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Help! Too Much Stuff for Too Little Space Dear Mary: I have a young daughter who is almost 3 years old. Eventually, my husband and I plan on having more children. I have saved lots of baby things — clothing, toys and other items — but I am having trouble storing all of these …Read more. Tips to Save Time and Money at Home Sometimes Home, Sweet Home, can seem more like a money pit. But your house doesn't have to cost you tons for upkeep when you use your ingenuity, creativity, shopping sense and savings sense to bring out the best without breaking the bank Enjoy these …Read more. Stock the Pantry to Save Money Have you been paying attention to what's going on with the cost of food? I just read that the average cost of ground beef in the U.S. has once again hit an all-time high. I believe it, and not only beef. It is shocking how grocery prices are going …Read more. In Love, It's Not Easy to Talk About Money Money is the most difficult subject to discuss between two people in love. Why? Several reasons: It's personal. We're taught as children to never ask how much people earn, what things cost or how much money people have. It's rude; it's poor manners; …Read more.
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Where to Find Good Free Stuff

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Every day, perfectly serviceable items find their way to landfills simply because they are no longer wanted or needed by their owners. And that's a shame because there are so many people who could really use the very items being cast off by others. There's a fabulous movement in this country that is matching up useable cast-offs with anxious users.

FIND FREE STUFF. The website FreeCycle.org is a great resource to find free furniture and all kinds of items in your local area. If you have usable items that you don't want or need anymore, instead of filling up the landfills, post them on FreeCycle and let someone else take the item for free! Anyone is welcome to sign up and post or to take free items. — Tamara W., email

TABLECLOTH STORAGE. My great hint for storing tablecloths is to fold them the long way and hang them from a hanger in the closet. They are easy to find and can be stored by the season. — Dawn W., email

OPENING A JAR. I have a great tip when a jar lid won't open. Put on a pair of leather gloves, grasp the jar and the lid and twist. The gloves give each hand some traction and make it easier to remove the lid. — Linda M., Pennsylvania

CHEAP TUB CLEANER. Keep a bottle of cheap shampoo on hand to clean your tub and sinks. Just spread the shampoo around, let set for half an hour or longer and then rinse when you are ready. This even cleaned up the rust-colored deposits of organic iron from our well water. — Linda H., email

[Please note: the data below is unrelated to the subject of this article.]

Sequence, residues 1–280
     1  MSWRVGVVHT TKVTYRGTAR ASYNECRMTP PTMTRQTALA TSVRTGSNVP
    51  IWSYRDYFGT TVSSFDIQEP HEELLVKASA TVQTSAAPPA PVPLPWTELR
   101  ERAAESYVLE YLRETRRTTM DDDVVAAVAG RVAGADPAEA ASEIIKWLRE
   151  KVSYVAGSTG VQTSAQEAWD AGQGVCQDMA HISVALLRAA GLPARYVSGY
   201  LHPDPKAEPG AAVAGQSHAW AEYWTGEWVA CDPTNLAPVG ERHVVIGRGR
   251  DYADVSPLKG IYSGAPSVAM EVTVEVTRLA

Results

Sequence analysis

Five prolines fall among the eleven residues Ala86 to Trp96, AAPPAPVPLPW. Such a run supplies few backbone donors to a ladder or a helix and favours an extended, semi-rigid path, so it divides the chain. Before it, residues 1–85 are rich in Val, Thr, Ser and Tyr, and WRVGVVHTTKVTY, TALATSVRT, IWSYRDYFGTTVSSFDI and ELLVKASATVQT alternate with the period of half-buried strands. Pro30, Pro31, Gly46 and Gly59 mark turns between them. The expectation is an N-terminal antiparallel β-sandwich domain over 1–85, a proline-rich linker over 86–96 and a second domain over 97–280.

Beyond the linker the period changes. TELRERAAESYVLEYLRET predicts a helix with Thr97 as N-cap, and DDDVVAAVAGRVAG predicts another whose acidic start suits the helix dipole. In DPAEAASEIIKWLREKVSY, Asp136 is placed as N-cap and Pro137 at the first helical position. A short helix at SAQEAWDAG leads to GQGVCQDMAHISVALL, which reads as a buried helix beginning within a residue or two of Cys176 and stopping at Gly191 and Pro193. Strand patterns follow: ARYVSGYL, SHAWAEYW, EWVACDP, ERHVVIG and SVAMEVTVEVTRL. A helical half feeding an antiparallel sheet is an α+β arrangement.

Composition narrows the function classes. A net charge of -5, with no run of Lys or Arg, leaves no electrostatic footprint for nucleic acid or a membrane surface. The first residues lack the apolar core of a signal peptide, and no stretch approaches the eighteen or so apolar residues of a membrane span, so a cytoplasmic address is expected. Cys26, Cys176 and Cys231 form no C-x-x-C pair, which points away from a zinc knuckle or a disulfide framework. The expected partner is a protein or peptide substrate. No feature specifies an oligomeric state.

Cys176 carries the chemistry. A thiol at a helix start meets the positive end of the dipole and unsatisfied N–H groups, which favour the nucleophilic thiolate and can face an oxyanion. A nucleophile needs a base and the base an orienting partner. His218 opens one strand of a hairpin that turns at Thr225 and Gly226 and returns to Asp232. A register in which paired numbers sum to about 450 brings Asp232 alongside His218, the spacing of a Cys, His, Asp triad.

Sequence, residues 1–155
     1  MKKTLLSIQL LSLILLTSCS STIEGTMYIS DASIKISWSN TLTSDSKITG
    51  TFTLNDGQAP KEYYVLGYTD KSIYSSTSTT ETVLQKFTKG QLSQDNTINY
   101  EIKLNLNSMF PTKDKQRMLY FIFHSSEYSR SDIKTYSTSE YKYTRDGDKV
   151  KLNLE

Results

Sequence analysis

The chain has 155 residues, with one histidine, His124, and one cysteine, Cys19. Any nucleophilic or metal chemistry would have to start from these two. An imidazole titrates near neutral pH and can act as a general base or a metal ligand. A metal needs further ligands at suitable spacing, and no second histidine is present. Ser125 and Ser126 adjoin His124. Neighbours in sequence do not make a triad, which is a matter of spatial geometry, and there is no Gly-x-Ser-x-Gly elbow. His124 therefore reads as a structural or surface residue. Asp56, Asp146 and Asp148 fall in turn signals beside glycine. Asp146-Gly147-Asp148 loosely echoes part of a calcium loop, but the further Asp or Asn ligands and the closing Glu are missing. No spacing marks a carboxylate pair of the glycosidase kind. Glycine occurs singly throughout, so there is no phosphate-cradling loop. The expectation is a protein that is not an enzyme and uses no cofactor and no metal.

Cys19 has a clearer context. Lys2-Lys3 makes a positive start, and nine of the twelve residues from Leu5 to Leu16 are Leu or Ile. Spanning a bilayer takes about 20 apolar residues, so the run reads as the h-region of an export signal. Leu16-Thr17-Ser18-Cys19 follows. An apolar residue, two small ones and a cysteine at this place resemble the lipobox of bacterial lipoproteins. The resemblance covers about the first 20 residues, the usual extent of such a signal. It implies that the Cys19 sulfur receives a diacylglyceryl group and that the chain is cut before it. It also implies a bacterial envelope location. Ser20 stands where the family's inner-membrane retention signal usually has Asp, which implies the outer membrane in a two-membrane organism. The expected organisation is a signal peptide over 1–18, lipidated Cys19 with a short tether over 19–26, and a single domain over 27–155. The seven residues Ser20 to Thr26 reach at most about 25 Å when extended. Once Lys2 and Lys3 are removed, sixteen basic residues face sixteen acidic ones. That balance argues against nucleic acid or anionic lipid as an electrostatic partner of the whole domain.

RUST REMOVER.

Everyone needs a can of Bar Keepers Friend, a household cleanser available in the cleaning supplies aisle in most supermarkets or online at BarKeepersFriend.com. It has many uses, but my favorite is for removing rust. It removes rust from countertops and stainless steel in the kitchen. It does a great job of removing rust from fabric without damaging the garment (be sure to test on a hidden area first). It even removes rust from concrete! Best of all, it is cheap. — Jacqueline G., Georgia

BOWL COVERS. When we go on vacation, I always take the little unused shower caps home. I then keep them in a kitchen drawer, and when I have a bowl or cake pan that needs to be covered, I just use one of these little bowl "caps" and put it around the container. The elastic keeps it snug and the shower cap is puffy enough that it doesn't stick to the food. — Janet K., Iowa

NO-RUST STEEL WOOL. My steel wool pads (the kind with soap in them) were rusting before I could use them up. I discovered that when I put them in a plastic bag and put the bag in the freezer, I can use them for a longer time because they won't rust. I take a frozen pad, dip it in warm water, and then it's all ready to scrub. — B.C., South Carolina

Would you like to send a tip to Mary? You can email her at mary@everydaycheapskate.com, or write to Everyday Cheapskate, P.O. Box 2099, Cypress, CA 90630. Include your first and last name and state. Mary Hunt is the founder of www.DebtProofLiving.com and author of 24 books, including her 2013 release "The Smart Woman's Guide to Planning for Retirement." To find out more about Mary and read her past columns, please visit the Creators Syndicate Web page at www.creators.com.

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1 Comments | Post Comment
Re OPENING A JAR with leather gloves: rubber gloves work well too.
Comment: #1
Posted by: Claude
Wed Feb 5, 2014 6:17 AM
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